As the camera goes above ISO 400, subjects do get noticeably softer, but shots are usable at small sizes up to ISO 1600. If you want better low-light shots of still subjects, Sony's Handheld Twilight mode still produces some of the best high-ISO photos I've seen from a point-and-shoot. However, I wouldn't bother using the two highest ISOs, as they look more like artist's renderings than photos and have off colors.
Again, the HX300 is not a dSLR (it can't even capture raw images), but for people looking for a long lens and some better control over results than the average point-and-shoot offers, it's a safe bet.
The HX300's video is as good as its photos. With plenty of light you get nice-looking, smooth video when recording at the camera's maximum AVCHD resolution of 1080/60p. There is very little trailing on moving subjects or judder when panning the camera, though some is noticeable when viewed at larger screen sizes. In low light, movies do have more visible noise and artifacts and look softer, but are still very good. You do have use of the zoom lens, which you may hear moving in quieter scenes. Audio quality in general is very good, too, but unfortunately you're limited to the stereo mic on top.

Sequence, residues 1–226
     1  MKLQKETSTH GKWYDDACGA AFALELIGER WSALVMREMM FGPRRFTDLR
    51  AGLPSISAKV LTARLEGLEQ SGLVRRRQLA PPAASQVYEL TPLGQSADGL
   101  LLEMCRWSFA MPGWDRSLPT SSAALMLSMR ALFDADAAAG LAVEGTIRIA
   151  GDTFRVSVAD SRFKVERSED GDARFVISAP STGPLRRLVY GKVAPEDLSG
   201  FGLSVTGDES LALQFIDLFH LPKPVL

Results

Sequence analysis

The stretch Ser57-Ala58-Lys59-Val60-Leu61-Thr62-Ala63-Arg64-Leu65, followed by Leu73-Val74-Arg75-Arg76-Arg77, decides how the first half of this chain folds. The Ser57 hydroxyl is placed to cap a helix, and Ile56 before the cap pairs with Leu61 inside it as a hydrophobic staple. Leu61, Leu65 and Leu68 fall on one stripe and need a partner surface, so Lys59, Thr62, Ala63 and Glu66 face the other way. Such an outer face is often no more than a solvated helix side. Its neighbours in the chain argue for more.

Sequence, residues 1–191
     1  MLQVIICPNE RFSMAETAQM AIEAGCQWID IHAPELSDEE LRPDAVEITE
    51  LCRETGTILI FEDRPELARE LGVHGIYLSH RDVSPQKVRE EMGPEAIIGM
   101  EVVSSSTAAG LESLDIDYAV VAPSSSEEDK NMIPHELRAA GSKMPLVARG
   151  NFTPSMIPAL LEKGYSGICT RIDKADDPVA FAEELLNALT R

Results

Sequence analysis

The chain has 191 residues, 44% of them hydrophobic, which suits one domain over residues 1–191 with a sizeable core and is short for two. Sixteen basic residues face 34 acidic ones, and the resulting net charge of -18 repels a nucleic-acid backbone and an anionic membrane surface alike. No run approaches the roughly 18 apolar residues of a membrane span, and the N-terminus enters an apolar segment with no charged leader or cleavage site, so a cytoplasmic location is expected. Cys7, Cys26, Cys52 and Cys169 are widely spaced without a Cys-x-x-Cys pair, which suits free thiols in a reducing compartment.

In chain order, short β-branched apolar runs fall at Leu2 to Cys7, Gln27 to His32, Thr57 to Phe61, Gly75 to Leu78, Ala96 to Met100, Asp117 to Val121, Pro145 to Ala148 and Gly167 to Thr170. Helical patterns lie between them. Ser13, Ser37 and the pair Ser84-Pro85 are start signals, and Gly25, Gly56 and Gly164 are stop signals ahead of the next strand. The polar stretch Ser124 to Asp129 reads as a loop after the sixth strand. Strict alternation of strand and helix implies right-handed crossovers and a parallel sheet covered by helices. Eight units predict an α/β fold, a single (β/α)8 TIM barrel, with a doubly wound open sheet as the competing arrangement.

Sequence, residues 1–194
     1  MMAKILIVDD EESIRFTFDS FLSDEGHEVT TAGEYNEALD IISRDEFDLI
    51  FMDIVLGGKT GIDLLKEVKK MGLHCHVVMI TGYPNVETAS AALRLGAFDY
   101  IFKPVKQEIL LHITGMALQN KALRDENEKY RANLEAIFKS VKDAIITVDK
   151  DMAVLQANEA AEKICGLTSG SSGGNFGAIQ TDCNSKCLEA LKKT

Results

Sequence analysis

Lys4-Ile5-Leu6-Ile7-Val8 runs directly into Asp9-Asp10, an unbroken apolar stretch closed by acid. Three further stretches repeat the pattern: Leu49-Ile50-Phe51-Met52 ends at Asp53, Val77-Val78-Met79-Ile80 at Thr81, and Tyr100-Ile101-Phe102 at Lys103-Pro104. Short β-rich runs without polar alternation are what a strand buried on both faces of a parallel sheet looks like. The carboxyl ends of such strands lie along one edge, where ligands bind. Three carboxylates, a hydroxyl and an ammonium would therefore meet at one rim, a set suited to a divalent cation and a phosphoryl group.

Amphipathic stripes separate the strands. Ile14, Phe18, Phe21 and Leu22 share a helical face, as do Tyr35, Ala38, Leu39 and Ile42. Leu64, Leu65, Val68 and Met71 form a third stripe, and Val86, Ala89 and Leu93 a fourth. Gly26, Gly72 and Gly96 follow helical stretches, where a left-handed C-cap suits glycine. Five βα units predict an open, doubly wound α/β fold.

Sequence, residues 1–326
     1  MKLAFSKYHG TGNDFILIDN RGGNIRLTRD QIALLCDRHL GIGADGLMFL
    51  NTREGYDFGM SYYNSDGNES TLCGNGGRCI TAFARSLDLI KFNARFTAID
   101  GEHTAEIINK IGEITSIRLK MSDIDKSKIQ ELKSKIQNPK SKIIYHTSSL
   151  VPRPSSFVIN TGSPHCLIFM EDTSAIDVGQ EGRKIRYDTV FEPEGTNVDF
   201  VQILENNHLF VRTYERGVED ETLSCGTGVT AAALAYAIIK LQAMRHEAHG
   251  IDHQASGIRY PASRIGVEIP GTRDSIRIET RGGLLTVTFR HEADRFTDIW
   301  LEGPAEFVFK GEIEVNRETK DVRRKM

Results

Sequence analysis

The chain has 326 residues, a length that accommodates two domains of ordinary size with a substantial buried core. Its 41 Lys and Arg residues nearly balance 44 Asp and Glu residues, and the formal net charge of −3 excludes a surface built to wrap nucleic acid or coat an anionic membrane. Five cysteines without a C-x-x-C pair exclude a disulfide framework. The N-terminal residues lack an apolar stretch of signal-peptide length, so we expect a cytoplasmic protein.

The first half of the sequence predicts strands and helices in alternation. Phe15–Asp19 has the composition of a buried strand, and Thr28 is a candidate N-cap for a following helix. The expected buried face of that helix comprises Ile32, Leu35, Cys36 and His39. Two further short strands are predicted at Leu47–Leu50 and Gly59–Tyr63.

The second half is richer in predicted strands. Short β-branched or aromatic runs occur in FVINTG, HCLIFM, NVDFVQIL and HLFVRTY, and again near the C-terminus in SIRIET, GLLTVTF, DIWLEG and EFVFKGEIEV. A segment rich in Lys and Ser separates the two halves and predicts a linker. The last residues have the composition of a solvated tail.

In general, the HX300 is a pretty fast camera. As with its image quality, the performance doesn't match that of an SLR, but that's honestly not something you should expect from this class of camera. From off to first shot, for example, takes 2.1 seconds. Give that the camera has to turn on and push the lens out, focus, and shoot in that amount of time, that's reasonably fast. In our tests, the HX300's shutter lag -- the time from pressing the shutter release to capture without prefocusing -- is 0.2 second in bright lighting and 0.4 second in low-light conditions.
Shot-to-shot times vary depending on how much processing the camera has to do, but overall they felt fast. In our lab tests the camera took less than 0.8 second between shots. However, if you use a mode or high-ISO setting that requires extra processing, it can be a couple of seconds before you're able to shoot again. Using the flash will also drive the wait up, slowing it to about 3.8 seconds between shots.